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Industry Restrains On Black Friday, Consumers Don’t

Last month’s Black Friday promotions were relatively rational compared with last year, when plummeting prices on flat-panel TVs obliterated margins and sent retailers like Tweeter, Circuit City and CompUSA reeling.

This time around, older models, 720p TVs and private-label products bore the brunt of the early-bird discounting, which should bode well for dealers’ bottom lines.

“The promotions were not as aggressive as last year,” observed Gregg Richard, president of P.C. Richard & Son, although shoppers remained undaunted. “The customer still came out and there was lots of excitement around CE.”

Dennis May, president/COO of hhgregg, concurred. Despite some programmed price movement from manufacturers, “[holiday] pricing is a little more stable, a little more rational,” he told analysts during a recent investors’ call.

Banc of America Securities retail analyst David Strasser observed that Black Friday pricing was “generally tame vs. last year,” with sales and margins holding up well. Among the specialty chains, “Best Buy appeared less aggressive than we would have thought,” employing its private-label Insignia and Dynex brands to drive opening price points, while Circuit City was “aggressive, but not to the extent that it upset the dynamic of the promotional environment,” he said in a research note.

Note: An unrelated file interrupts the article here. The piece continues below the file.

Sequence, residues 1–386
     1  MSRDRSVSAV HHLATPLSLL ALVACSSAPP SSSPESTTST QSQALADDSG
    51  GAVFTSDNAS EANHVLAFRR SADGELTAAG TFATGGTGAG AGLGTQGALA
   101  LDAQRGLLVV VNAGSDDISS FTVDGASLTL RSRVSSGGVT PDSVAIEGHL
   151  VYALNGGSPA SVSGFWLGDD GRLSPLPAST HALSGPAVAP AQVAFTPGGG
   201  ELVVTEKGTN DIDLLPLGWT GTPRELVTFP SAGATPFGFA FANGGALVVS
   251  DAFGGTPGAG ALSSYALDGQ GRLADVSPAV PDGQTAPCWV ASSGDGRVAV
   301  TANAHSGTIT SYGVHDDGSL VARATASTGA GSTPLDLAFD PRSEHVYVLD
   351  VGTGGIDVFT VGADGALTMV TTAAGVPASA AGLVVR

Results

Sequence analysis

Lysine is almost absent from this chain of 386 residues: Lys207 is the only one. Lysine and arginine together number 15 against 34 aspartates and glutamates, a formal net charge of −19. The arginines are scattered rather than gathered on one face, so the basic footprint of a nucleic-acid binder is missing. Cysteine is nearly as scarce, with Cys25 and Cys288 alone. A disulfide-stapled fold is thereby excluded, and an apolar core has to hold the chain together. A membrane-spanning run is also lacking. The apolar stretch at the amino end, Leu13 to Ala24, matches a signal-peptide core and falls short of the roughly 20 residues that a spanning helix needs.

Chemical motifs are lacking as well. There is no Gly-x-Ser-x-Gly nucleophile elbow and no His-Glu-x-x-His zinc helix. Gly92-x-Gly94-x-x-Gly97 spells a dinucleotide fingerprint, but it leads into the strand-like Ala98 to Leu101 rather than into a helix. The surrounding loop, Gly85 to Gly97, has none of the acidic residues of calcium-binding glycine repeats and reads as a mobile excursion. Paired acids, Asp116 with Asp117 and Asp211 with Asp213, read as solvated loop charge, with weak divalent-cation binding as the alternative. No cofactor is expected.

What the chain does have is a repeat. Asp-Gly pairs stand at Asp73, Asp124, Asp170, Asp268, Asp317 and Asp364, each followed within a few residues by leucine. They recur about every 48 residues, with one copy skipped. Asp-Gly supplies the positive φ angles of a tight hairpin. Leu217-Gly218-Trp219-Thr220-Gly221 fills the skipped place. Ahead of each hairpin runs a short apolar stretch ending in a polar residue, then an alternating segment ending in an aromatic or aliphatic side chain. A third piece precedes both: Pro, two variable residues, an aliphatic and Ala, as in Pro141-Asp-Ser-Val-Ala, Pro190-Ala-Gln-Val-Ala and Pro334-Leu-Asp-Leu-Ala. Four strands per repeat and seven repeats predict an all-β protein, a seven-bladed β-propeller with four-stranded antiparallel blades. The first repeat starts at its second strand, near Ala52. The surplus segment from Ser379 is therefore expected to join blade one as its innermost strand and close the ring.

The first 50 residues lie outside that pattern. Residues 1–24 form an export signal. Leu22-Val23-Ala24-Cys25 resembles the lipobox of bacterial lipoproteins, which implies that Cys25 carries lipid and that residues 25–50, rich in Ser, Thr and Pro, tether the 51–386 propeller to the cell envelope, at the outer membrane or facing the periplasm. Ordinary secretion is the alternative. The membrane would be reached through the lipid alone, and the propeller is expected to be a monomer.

“Things were a little bit tamer and not quite as excessive,” agreed Stephen Baker, industry analysis VP for The NPD Group. But then again, “There wasn’t as much to cut because we already cut prices a lot,” he said, particularly in categories like digital cameras where average selling prices on point-and-shoot models had already fallen below the $200 threshold. “It doesn’t get everyone all juiced up,” he said.

That wasn’t the case for other categories. Enas Rayner, a district manager for Circuit City in New York, reported that digital cameras, iPods and navigation items were in high demand on Black Friday at the chain’s new-format The City store in Manhattan, as were 42-inch, 46-inch and 50-inch HDTVs.

Armando Lopez, general manager of an adjacent Best Buy, said GPS systems were very popular, along with laptops, PCs and HDTV. He added that the store, on the corner of Fifth Ave. and E. 46th Street, was busier this Black Friday than last year.

At a Costco in the Long Island City section of Queens, store manager Kareem Zeffouni recounted how when the doors opened at 9 a.m., “Consumers ran in like something you see on TV,” and within eight minutes 20 58-inch HDTVs were sold. The warehouse club was offering $500 off the price of a 58-inch Panasonic 720p plasma display.

The manager of the store’s CE section said Black Friday business was “better than last year” in his department, with Wii gaming systems selling out as soon as they were put on the floor. The mayhem continued well into the afternoon, with some three dozen shoppers still queued up outside a nearby Best Buy at 3 p.m.

How Low Did They Go?

Top Black Friday specials from leading CE sellers